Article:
Cherokee Connection Chapter 3 page 5
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Belle Starr's early life

From the Foreman collection:

In his 1937 interview (now part of the Foreman collection,), William Freeman Keith said, his group of settlers moved into the John Kettle Settlement near Briartown about 1880. Based upon the story of Tom Starr and his family, some of the McClures must have settled in the area long before 1880. In fact, if the McClures are related to the Starrs as cousins or in laws, some of them may have been in the area before or shortly after the War between the States and the reason the new group settled there.

If it is true that Alma and Annie Arnett mother's name was Matt McClure, [as Alma said on her Indian Tribe application to be part of the Cherokee tribe.] the Arnetts could have been related to the other McClures which would be the reason the Arnetts came to the area also.

All of this indicates there could have been a close relationship between the McClures, Freeman Keith and the Starrs; and therefore Belle Starr, Cole Younger and etc. But it is also likely grandfather William Feeman's stories may have had some truth in them, but were told with some exaggeration, as the names and dates seem to be a mixed up. For example;

Myra Shirley at 18

Belle Starr was born Feb. 5, 1848, Myra Maybelle Shirley. Her father was, John Shirley, born in Virginia (West) 1794, Son of Samuel Shirley (native of Virginia) Mother, Eliza Hatfield Shirley related to the feuding Hatfields of West Virginia -Kentucky (She was teen-aged,10 years younger than John.) They moved to Iowa in 1826, then to the Missouri Ozarks in 1838.

In Texas on November 1, 1866, Myra Maybelle Shirley married the "dashing guerrilla" Jim Reed. Jim Reed also had been a member of the Quantrill guerrilla renegade gang. In September, 1868 she gave birth to Rosie Lee. She idolized her and called her Pearl. Jim Reed was killed near Paris, Texas on August 6, 1874.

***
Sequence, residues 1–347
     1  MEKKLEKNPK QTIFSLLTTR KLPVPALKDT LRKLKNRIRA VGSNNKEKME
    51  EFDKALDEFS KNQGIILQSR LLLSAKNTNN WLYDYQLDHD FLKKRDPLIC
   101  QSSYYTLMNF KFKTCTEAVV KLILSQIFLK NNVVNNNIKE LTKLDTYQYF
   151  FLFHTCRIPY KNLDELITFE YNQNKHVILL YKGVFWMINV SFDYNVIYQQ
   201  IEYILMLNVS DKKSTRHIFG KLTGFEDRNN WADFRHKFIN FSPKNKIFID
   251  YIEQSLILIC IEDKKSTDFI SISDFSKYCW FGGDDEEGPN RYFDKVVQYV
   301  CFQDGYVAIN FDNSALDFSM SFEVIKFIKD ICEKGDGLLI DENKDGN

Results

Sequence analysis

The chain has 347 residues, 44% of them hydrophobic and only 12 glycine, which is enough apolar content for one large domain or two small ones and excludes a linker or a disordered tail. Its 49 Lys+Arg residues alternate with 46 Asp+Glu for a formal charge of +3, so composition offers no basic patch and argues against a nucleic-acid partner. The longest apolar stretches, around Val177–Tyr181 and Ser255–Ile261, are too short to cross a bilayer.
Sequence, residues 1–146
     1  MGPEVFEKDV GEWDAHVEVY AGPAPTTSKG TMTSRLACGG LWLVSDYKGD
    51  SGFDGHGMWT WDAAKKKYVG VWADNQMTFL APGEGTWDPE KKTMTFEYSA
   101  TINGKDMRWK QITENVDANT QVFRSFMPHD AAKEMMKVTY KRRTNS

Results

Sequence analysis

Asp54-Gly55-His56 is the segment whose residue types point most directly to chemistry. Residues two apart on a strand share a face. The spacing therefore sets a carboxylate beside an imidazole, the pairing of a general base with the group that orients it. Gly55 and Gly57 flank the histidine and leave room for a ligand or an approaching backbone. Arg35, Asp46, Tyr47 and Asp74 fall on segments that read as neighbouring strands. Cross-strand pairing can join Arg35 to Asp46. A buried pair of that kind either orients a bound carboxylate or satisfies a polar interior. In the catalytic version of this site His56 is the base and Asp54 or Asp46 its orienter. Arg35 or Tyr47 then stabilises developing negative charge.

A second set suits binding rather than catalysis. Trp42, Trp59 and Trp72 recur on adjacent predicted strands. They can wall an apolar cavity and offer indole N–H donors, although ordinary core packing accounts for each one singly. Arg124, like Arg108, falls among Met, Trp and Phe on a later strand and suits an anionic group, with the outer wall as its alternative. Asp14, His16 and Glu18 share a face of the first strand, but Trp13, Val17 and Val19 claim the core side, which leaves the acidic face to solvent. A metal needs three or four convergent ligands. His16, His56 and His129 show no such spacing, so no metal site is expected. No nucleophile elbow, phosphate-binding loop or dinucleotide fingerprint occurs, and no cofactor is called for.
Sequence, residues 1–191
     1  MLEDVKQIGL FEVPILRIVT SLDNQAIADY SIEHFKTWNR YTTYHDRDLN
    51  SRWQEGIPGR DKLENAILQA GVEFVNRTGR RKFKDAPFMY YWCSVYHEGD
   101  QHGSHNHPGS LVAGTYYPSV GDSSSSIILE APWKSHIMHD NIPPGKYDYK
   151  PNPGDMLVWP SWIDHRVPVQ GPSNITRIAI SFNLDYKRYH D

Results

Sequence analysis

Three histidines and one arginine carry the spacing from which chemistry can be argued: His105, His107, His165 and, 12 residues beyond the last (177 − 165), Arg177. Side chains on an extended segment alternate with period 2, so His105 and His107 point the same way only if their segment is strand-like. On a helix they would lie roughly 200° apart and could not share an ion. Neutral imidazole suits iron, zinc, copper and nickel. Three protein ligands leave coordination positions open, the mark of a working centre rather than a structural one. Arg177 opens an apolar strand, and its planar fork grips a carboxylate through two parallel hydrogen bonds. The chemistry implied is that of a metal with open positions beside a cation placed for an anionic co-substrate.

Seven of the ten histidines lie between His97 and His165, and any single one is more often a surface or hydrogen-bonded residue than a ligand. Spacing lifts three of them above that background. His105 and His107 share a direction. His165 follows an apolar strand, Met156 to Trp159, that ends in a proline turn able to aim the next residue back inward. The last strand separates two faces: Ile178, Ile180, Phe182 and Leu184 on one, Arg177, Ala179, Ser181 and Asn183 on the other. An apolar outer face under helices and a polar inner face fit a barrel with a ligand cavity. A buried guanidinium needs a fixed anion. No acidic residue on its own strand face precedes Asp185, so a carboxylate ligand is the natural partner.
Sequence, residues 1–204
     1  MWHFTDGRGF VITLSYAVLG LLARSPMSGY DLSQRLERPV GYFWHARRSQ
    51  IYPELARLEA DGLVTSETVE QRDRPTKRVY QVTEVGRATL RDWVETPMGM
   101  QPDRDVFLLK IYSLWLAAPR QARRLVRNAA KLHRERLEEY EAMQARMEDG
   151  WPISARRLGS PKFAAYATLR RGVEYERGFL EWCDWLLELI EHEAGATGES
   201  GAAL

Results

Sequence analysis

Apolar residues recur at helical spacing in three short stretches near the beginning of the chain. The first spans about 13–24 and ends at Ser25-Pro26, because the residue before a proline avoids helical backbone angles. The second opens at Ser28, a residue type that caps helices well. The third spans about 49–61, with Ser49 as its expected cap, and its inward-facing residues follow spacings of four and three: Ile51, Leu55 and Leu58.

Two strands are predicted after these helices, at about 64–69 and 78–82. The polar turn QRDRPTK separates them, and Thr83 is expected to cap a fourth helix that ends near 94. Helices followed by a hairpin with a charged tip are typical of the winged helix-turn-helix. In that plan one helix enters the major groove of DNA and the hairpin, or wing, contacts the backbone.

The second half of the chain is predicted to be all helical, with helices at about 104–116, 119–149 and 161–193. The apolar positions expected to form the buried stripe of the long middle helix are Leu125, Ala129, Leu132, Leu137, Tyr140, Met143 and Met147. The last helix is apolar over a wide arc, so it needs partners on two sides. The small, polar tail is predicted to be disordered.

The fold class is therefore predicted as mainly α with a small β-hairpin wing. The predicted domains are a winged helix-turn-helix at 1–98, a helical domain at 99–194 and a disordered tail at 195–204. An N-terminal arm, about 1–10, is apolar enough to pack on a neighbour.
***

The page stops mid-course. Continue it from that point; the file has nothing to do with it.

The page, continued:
Rumors keep persisting (which both Cole and Belle deny) that Pearl was the illegitimate child of Cole Younger.

Myra Maybelle (Shirley) Reed's second (or third) marriage was to a Cherokee Indian named Sam Starr, the son of Tom Starr. June 5, 1880, Belle married Samuel Starr in the Canadian District of the Cherokee Nation and thus became Belle Starr (An adopted White Indian). Note this is the same year that William Keith and his group of indians arrived from the East.

For a short time Sam and Bell Starr lived in a little box house a mile or two south of the present town of Porum. Then Sam took an allotment, on the North side of the Canadian River. A picturesque spot nestled between low lying in-accessible hills, sixteen miles below Eufaula, six miles west of Briartown, and about the same distance from Tom Starr's place on the same side of the river.

To the north rose HI-Early Mountain, where the James and Youngers rendezvoused during the war. Ten miles down stream and three miles south of Briartown across the river lay Whitefield.

Between Briartown and Whitefield and partly encircling the Starr lands runs the great elbow of the South Canadian River. Because Cole Younger spent so much time there, Tom named the land for Cole. "Its yellow waters implacable, withering among it's quick sands" It has retained the name Youngers' Bend to this day.


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